EU-funded efforts to boost the uptake of carbon capture and storage (CCS) technologies have failed largely because of a lack of coordination and long-term strategies that scared away investors, according to a report by the European Court of Auditors. Sam Morgan takes a closer look.
The EU watchdog looked into funding programmes launched between 2008 and 2017 in Germany, the Netherlands, Poland, Spain and the United Kingdom but found that they fell short of their targets. Under the European Energy Programme for Recovery (EEPR) and the New Entrants’ Reserve (NER300), a war-chest of €3.7 billion was available to invest in projects that could show the commercial viability of CCS.
Only one project, funded under the EEPR in Spain, is currently operating but it is not of a commercial size. Four other projects were terminated early and another, in the Netherlands, did actually acquire a carbon storage permit but the facility is not in use.
NER300 aimed to fund eight projects but the first call for tender failed to award any grants after the European Commission concluded that none fulfilled the necessary legal requirements.
For example, three UK-based projects were cancelled because the British government made its contribution dependent on a national competition that was underway at the time. A second call for proposals was also unsuccessful after the UK nixed its support scheme in 2015.
CCS technology involves capturing emissions of industrial installations and burying them underground, often in depleted oil and gas fields. The technology was initially touted as a silver bullet to address emissions from coal power plants but failed to take off as renewable energies became cheaper.
Still, CCS is seen as one of the few options available to address emissions from process industries such as steel and cement which are heavily carbon-intensive. European scientists have recently tried to revive interest in CCS, warning that keeping global warming well below 2°C – the headline target of the Paris Agreement – will be “more difficult, a lot more expensive, and a lot more delayed” without it. CCS is still touted by the fossil fuel industry as a powerful mitigation tool and the International Association of Oil and Gas Producers told EURACTIV that it welcomed the report’s conclusions, adding that “the criteria of NER300 for projects were too strict”.
The association also warned that the fact that participating countries had to match funding contributions scared away investors and urged the Commission to learn from its mistakes.
The Auditors also concluded that coordination between Commission services and other instruments was mishandled and that investor uncertainty about policies was a large contributor to the failures of the programmes.Lead author on the report, Samo Jereb, told reporters that a “lack of proper long-term strategies on behalf of member states” was a contributing factor.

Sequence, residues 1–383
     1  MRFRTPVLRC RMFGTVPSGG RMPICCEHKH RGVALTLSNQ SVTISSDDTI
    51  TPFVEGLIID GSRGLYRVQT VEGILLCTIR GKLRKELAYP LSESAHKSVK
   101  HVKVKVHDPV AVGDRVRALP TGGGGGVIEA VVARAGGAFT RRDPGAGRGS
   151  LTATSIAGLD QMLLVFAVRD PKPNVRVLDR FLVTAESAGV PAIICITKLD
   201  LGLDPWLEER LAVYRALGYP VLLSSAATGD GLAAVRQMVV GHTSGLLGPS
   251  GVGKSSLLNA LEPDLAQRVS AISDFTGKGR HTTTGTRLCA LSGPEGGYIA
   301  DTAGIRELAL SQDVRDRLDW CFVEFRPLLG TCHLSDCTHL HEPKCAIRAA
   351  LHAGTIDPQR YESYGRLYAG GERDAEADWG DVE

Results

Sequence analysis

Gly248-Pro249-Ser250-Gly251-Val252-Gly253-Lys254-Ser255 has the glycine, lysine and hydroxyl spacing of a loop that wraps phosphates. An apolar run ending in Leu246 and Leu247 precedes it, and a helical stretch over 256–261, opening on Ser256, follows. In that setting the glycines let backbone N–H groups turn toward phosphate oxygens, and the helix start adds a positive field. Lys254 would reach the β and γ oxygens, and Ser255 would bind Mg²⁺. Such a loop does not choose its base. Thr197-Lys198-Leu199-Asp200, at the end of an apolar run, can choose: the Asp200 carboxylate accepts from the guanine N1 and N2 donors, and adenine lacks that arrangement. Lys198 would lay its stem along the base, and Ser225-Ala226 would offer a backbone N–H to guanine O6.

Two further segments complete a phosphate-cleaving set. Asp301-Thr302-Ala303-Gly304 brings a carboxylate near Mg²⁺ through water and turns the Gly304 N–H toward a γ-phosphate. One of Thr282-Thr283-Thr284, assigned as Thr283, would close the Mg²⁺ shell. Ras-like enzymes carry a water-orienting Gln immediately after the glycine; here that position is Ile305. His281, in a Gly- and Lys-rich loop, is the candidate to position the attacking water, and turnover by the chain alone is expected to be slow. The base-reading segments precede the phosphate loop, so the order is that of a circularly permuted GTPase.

In late November, the Commission will present its long-term strategy for 2050, which is meant to drag the EU’s economy onto a Paris climate accord-compliant trajectory. Many industrial groups insist that CCS will be essential to that effort.
While the projects were active, the price of carbon plummeted in 2011 and the EU’s emissions trading scheme (ETS) became largely ineffective, which the report also cited as a reason for the lack of results.
A lower carbon price means that operators of large-scale power plants and other carbon emitters would prefer to merely buy ETS permits and pay to pollute, rather than invest in mitigation measures. This particularly affected NER300, as it was funded directly from the sale of 300 million ETS permits. The Auditors concluded that it was a mistake to insert its legal basis within the ETS Directive, as it did not reduce risk for investors.
That programme is due to be replaced by the so-called Innovation Fund in 2021 and the Auditors report recommended that the Commission ensure the new instrument benefits from better project selection and flexibility.
Given that funds were only allocated by NER300 to completed projects, the question of what to do with nearly €500 million in unspent money quickly arose.
The programme’s initial rules stipulated that leftover cash would be reimbursed to the member states but a decision by the Commission’s Climate Change Committee in late 2017 moved the goalposts and now the money will be used to top up European Investment Bank projects.
But NER300 was meant to apply to EU ETS sectors and EIB-managed schemes include the Connecting Europe Facility, which focuses primarily on transport.
The Auditors urged the Commission to make sure that the replacement Innovation Fund has clearer accountability provisions, particularly in the management of the unspent NER300 monies.
In response to the report’s recommendations, the Commission revealed that the new provisions will be spelled out clearly and that cooperation agreements with the EIB will be improved.
But the EU executive only partly accepted the report’s insistence that all funds are recorded on its annual balance sheet and, as such, subject to audit and approval by the European Parliament and Council.
The Commission pointed out that the new Fund will not be a part of its new Multiannual Financial Framework, the EU’s long-term budget, as it is financed by the ETS. However, it did concede that it will implement “sound financial management”.
The report also assessed the two programmes’ efforts to boost innovative renewable energy options, concluding that EEPR “contributed positively” to the offshore wind sector. But NER300 made “little progress”.
Sam Morgan is author of EURACTIV.com and writes about climate and energy.
This article has been republished from EURACTIV.com.